We all have dreams of settling down in the perfect home. Unfortunately, if you're not careful, you might find your dream of buying that ideal home hindered by obstacles with your local lenders.
If you want to make sure that you'll be able to borrow as much money as you need, take some time to improve your buying power before you start exploring the market. Boosting your buying power means improving your credit, considering the state of the market, and adjusting your saving habits to convince lenders that you're trustworthy.
While there are plenty of things you can do to transform yourself into a more attractive borrower, we're going to look at some of the most important ways that you can prepare yourself to finance a new home.
1. Start by Finding a Guiding Hand
If you're a first-time homebuyer, you might need a little guidance to help you get through the lending process successfully. Even if you’ve purchased a home before, the rules and processes may have changed since the last time you applied for a mortgage. In either case, it’s best to seek the advice and insight of a professional. Working with a mortgage broker is a good way to ensure that nothing catches you off guard when you start filling out loan applications.
If you’re applying for a reverse mortgage in order to help finance the purchase of a new home, you should get assistance from a Certified Reverse Mortgage Professional (CRMP) who can guide you through the process. Additionally, CRMPs are well versed in the intricacies of dealing with buyers, sellers, and agents, with regards to the reverse mortgage for purchase. They can help you and your realtor ensure a smooth transition. There are stipulations surrounding who is eligible for this type of loan and how the loan is structured, so a professional can assess your specific situation and determine whether a reverse mortgage is the right strategy for you.
Mortgage brokers can help to give you a better idea of what you can reasonably afford based on your income and the current real estate market. By speaking to an expert, you might find that you have more opportunities than you originally thought.
2. Clean Up Your Credit Score
There are a few things that can affect how much interest a lender decides to charge on your mortgage. They'll consider the amount of money you're borrowing, and how long your mortgage term will be; but the factor that you have the most control over is your credit score.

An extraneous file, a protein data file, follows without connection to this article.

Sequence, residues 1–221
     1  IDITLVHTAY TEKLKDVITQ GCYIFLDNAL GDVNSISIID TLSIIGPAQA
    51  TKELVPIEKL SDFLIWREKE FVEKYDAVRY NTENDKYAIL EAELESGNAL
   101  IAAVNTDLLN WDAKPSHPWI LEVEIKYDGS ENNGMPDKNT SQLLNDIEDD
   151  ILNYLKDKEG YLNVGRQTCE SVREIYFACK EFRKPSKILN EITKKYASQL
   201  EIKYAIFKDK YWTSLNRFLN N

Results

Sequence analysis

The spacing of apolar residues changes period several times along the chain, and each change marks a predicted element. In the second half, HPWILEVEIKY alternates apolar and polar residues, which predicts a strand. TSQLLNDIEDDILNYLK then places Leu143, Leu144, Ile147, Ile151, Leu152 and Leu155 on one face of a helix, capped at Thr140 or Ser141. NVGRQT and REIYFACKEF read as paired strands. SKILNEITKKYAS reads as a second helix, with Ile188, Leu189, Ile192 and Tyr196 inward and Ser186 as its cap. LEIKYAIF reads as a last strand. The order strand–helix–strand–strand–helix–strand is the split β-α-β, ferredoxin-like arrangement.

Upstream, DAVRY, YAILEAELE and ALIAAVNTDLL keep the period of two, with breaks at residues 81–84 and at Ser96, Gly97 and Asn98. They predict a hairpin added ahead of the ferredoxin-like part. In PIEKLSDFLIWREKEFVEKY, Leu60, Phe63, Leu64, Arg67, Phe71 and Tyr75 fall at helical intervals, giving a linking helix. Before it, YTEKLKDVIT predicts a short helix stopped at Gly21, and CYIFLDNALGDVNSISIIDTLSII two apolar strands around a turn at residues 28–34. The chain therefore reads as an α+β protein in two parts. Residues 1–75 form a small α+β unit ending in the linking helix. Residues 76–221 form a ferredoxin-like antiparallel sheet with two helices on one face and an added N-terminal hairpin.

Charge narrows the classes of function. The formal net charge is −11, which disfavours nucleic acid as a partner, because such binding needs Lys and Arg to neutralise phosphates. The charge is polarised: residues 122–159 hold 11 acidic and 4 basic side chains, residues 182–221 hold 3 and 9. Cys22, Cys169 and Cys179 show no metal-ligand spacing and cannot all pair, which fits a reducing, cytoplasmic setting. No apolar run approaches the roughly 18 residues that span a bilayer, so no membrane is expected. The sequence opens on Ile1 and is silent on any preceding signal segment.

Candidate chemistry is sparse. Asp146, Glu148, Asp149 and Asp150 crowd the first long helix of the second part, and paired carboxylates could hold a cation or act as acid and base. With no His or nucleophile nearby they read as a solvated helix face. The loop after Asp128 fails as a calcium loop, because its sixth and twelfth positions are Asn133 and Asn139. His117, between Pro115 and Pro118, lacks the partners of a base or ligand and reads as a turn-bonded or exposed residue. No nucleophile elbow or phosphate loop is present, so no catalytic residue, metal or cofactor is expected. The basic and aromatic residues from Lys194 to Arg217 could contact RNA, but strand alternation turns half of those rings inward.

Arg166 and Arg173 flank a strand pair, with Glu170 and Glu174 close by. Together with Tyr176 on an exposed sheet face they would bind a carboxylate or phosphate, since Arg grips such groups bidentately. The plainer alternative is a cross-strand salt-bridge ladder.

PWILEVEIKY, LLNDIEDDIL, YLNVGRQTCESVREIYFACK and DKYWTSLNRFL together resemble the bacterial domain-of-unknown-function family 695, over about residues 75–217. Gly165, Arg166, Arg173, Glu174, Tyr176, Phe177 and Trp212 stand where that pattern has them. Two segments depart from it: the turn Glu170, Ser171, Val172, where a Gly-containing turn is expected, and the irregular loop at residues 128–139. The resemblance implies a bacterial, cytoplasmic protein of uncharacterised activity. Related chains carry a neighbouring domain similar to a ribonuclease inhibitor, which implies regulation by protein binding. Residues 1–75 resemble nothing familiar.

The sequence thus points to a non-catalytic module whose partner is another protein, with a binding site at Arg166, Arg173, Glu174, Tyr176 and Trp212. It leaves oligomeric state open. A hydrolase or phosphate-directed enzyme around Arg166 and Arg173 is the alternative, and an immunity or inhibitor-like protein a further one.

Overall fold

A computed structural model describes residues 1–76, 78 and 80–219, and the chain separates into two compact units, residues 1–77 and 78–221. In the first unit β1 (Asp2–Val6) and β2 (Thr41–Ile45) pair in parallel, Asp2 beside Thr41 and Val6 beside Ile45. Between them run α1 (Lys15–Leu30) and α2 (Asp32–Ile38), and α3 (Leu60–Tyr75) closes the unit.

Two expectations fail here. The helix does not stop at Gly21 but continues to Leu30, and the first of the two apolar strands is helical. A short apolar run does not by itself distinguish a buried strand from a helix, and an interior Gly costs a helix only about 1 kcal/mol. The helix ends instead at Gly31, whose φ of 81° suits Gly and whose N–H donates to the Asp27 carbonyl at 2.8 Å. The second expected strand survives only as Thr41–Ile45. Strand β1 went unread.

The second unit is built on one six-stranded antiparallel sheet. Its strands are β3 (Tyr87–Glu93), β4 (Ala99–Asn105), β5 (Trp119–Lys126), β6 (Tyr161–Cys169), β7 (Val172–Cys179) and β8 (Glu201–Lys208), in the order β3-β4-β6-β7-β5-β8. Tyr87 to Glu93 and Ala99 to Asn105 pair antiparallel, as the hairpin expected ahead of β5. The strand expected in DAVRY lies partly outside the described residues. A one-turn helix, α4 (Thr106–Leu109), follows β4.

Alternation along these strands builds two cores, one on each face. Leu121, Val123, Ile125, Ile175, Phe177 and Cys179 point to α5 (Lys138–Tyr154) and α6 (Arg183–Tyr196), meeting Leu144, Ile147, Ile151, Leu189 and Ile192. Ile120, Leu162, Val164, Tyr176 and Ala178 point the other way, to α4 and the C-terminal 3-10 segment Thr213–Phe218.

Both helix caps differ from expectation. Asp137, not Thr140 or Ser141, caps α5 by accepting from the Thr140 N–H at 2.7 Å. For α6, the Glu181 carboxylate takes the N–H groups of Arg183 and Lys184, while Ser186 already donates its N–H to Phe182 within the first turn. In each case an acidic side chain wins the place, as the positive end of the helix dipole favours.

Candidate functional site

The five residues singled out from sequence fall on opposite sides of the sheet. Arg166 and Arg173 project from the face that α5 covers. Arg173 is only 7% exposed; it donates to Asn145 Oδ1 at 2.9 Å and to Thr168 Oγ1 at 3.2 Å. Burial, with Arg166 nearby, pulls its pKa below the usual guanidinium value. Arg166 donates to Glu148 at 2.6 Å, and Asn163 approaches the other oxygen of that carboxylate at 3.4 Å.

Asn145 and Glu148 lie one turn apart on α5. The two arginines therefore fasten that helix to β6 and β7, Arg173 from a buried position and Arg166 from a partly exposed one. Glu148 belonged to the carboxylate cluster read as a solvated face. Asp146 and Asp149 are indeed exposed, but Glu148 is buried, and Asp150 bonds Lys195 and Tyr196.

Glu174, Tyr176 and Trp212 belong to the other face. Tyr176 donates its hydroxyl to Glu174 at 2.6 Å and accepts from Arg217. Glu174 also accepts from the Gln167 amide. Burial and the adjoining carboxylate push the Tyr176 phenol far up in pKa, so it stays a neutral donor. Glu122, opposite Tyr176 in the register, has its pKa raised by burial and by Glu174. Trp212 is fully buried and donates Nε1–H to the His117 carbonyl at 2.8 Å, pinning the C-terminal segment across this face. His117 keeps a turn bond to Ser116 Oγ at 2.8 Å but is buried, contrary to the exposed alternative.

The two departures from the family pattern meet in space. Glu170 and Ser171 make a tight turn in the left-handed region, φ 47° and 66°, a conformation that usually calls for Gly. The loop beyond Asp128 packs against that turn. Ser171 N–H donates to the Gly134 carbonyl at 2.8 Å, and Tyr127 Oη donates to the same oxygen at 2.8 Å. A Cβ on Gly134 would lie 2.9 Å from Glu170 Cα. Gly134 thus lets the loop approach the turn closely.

Lenders review your credit report to determine whether you seem reliable enough for a loan, and what kind of interest rate to offer you. They essentially use your credit score to evaluate your risk as a borrower, and determine how likely you are to make timely payments on your loan. The higher your credit score is, the better your mortgage rate will be, because you will be judged as a reliable and low-risk borrower.
Many finance professionals advise not to check your credit score too often — however, if you notice a dip, make sure you investigate what caused your score to drop and work on raising the number as soon as possible. Pay off your debts and fix any credit report mistakes in a timely fashion in order to maintain a good credit score.
3. Reduce Your Debt-to-Income Ratio
Your debt-to-income ratio is essentially an insight into the amount of debt you have compared to your incoming cash. Lenders calculate this number by dividing your monthly debt payments by your monthly income. The result is expressed as a percentage, and your lender will address this percentage when determining how well you'll be able to manage payments.
If you have a low debt-to-income ratio, this will indicate that you have a good balance between your debt and income (you owe very little in debts compared to the cash you have coming in). In most circumstances, 43% will be the highest debt-to-income ratio you can have while still qualifying for a mortgage. If your ratio is higher than this, you may need to work on paying down debts before you buy a house, or risk having to pay a higher interest rate. The good news is that many lenders allow debt-to-income ratios to be lowered based on the cash you may receive during your refinance; provided you use those funds to pay off some outstanding debt.
4. Ramp Up Your Down Payment
Nothing shows your lender that you’re reliable more than a sizable down payment. A large deposit not only outlines your ability to save but also reduces your overall loan-to-value ratio, which improves the chance that you'll be able to get the mortgage you want. Your loan-to-value ratio is calculated when you divide the price of the mortgage by the purchase price for the property.
The bigger your down payment, the lower your loan-to-value ratio — which can result in better terms on your mortgage, smaller monthly payments and that less interest over the life of your loan.
5. Know the Facts on Mortgage Rates
Although your credit score, debt-to-income ratio, and down payment can all impact how likely it is that you'll be able to purchase your ideal home, there's one important element that many would-be homeowners overlook. The current mortgage interest rate can frequently determine how much cash a lender is willing to let their clients borrow.
If you wait around too long, and the mortgage rates creep up by a percentage point or two, you could find that you can no longer afford the same home you would have been able to buy only a year ago. That's why experts often recommend that you lock in a good fixed interest rate when you can.
For more information about qualifying for a refinance or purchase loan, or to get assistance from one of our Certified Reverse Mortgage Professionals, contact ARAMCO.